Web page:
The Importance of Civility in the Civil Justice System
Civility in the civil justice system is about treating the system and its participants (opponents, witnesses, judges, and court staff) with dignity and respect. The trial lawyers of Abramson Smith Waldsmith LLP, advocate and fight zealously for our clients, but we always remember that our individual and collective reputations and the viability of the legal system are more important than any disputed issue or case. Many attorneys have unfortunately forgotten this, which has contributed to the collective reputation of the field falling to such depths.
Although lawyers have always been subject to scorn because we take sides in hotly contested public disputes, even William Shakespeare acknowledged that the justice system is grounded in civility. In his play The Taming of the Shrew, Shakespeare wrote:
“And do as adversaries do in law – strive mightily but eat and drink as friends.”
Abramson Smith Waldsmith LLP, and specifically partner Bill Smith, have advocated ferociously on behalf of civility in our profession. Bill strives to ensure, for the benefit of the system and its participants, that we do not lose our way as a profession. For the law is not just another “business,” rather than a noble profession. Attorneys and parties collectively cannot allow incivility to manifest, in bad behavior during discovery, distasteful advertising, or rudeness to judicial officers. We must work together to bring civility back and drive out incivility.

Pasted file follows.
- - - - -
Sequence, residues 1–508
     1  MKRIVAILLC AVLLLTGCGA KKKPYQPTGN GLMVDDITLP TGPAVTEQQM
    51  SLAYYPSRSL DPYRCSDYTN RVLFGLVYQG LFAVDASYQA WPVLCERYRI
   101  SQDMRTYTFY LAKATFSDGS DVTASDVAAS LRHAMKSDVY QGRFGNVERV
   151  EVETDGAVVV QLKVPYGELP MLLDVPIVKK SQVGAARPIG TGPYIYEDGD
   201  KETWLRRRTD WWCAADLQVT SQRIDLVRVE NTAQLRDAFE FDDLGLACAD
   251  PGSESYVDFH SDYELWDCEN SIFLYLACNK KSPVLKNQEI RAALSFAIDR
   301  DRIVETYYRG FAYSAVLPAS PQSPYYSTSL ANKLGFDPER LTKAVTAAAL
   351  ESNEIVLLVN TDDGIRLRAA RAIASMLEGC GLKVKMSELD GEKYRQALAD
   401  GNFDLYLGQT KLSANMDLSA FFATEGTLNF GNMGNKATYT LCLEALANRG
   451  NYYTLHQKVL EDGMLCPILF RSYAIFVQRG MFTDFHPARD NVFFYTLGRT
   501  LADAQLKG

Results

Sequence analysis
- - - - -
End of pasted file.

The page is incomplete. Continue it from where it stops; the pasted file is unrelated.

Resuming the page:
Bill’s effort and movement has created momentum. Attorneys are recognizing what incivility is, how it manifests, how to combat it, and then trying to do something to change the tone. As Bill can attest, good behavior based on respect has the power to influence the behavior of others; it is an infectious attitude. With civility, the attorneys at Abramson Smith Waldsmith LLP, have found the practice of law easier, less stressful, less costly, and more profitable for their clients.
Our Role in Developing the Civility Pledge for California Lawyers
Civility matters in the legal profession. It distinguishes the profession from other professions and business. Maintaining and advancing civility is not only important to those of us involved in the practice of law, but also for clients. Civility makes the legal process more efficient and inexpensive for clients. Bullying and dishonesty prolong legal disputes and often lead to unjust results. They have no place in our legal system.